brave braceletsBrave:
Adjective: possessing or exhibiting courage or courageous endurance
Noun: a warrior
Verb: to meet or face courageously; to defy; challenge; dare

I am brave. You’ve told me so, but I also know it deep down in that part of my heart where hope also lives.

When I was diagnosed with bipolar disorder I was not brave. I was scared. I was depressed. I thought my life was over. I thought it was an end.

Turns out it was just a new beginning.

I had a photo shoot this past weekend for a headshot for This is My Brave the show (more to come about that). The photographer Julie Fischer McCarter of Shoot Photo Inc. remarked how confident I was with my admission of bipolar disorder. I assured her I wasn’t always so brave. It took me a long time to find my brave.

You see, it is okay to not be okay with it. It isn’t fair. I agree. It’s not. It is a chronic condition – a never-ending condition. It takes so much work and energy to find wellness. The ups and downs aren’t just ups and downs, they are violent clashes of emotion.

So how did I become brave? How did I become beautifully bipolar? Time. It took time. It took testing the waters – telling family and good friends. Then admitting it in my personal blog, To be honest, a few people ran, but more stayed, more people used the word “brave.”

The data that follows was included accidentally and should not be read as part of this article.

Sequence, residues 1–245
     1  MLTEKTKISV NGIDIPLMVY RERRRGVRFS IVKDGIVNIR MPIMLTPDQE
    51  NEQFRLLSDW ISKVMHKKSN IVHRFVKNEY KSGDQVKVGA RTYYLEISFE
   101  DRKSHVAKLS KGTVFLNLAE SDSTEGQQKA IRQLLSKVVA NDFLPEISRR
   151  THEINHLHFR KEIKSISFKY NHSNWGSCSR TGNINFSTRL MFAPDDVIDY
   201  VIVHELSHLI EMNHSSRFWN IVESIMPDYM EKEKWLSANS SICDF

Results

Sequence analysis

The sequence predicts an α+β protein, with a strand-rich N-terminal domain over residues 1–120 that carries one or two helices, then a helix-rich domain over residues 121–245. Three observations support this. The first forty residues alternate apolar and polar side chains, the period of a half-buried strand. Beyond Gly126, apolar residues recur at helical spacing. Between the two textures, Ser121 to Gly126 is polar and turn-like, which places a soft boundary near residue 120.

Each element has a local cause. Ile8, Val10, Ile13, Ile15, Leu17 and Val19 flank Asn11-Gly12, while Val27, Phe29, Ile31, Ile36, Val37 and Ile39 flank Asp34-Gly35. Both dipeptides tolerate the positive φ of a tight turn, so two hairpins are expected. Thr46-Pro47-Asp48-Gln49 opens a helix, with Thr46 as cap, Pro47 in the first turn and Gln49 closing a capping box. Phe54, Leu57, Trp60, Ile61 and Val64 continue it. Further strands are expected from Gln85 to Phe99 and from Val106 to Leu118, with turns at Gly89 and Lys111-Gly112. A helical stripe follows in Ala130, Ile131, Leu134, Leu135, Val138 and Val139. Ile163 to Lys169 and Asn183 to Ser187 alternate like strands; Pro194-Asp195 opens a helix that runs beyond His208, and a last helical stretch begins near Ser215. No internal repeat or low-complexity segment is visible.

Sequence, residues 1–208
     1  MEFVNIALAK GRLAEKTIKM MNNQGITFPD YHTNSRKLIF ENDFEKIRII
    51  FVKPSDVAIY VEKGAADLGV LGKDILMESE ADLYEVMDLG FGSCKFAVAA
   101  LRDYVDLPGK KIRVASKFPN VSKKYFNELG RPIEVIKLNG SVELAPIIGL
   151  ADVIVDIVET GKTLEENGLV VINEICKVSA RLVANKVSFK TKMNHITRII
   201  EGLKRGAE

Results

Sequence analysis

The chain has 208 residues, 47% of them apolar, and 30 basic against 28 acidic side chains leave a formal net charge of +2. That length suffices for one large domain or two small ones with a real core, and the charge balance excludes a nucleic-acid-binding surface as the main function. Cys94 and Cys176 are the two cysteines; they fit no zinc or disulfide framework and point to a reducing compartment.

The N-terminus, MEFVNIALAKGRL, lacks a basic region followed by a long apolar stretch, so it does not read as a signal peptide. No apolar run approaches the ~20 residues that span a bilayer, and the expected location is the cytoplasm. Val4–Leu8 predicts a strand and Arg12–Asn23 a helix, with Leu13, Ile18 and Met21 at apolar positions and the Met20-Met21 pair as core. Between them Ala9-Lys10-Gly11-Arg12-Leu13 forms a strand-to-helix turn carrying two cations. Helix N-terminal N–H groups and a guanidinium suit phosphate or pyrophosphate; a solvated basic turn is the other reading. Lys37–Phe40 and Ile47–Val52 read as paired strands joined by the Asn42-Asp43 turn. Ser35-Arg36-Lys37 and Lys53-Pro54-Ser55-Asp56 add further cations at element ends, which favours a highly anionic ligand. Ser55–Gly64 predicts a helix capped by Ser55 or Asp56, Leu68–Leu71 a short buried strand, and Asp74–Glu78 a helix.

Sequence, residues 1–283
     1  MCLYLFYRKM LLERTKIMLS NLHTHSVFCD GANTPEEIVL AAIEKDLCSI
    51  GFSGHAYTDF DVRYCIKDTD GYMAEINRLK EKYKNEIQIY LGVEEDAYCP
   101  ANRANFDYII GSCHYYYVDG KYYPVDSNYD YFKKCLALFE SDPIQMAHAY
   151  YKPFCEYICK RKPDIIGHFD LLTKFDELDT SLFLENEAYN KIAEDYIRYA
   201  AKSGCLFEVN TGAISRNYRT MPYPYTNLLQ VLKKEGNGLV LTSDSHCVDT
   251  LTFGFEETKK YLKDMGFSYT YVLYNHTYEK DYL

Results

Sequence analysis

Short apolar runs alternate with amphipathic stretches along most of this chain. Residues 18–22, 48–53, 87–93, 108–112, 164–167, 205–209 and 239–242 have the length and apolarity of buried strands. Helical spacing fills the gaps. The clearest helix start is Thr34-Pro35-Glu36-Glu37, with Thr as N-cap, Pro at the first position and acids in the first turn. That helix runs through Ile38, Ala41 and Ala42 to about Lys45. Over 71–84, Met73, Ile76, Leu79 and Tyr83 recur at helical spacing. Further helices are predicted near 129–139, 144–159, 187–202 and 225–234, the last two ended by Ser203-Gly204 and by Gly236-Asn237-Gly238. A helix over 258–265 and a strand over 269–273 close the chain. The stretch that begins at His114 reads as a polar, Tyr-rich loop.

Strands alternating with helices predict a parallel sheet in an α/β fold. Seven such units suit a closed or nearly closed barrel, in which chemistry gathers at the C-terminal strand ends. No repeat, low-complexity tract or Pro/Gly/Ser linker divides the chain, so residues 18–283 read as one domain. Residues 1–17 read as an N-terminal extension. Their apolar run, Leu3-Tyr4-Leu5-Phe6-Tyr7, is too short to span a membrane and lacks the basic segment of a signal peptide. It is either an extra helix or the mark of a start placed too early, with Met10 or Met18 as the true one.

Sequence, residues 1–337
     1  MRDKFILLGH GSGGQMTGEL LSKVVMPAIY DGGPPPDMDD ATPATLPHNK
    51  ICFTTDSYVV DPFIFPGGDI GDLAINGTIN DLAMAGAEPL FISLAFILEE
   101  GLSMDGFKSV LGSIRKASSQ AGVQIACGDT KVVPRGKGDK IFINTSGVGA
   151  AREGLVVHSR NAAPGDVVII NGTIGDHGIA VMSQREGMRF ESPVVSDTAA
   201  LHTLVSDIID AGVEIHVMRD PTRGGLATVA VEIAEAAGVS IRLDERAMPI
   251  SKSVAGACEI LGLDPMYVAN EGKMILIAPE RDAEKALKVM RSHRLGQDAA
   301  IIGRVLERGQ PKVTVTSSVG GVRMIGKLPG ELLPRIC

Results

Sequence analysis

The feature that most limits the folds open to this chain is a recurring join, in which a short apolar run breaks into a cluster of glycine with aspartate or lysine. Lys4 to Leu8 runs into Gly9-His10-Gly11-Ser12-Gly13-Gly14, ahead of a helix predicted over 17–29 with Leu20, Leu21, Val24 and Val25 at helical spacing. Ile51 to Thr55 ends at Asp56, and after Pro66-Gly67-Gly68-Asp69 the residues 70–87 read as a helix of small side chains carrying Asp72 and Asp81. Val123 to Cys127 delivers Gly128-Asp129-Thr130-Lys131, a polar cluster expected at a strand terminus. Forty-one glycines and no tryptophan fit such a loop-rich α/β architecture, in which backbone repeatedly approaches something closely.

For me being brave is getting through the day. It is going to my appointments and sitting in tiny waiting rooms with people in handcuffs. It is telling people I wrote a memoir about living with mental illness because I have bipolar disorder and OCD and anxiety disorder. Being brave is believing in myself. I am a warrior.

(To order your own BRAVE bracelet go HERE.)


Elaina J. Martin

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APA Reference
Martin, E. (2014). Brave. Psych Central. Retrieved on July 10, 2020, from


Last updated: 9 Apr 2014
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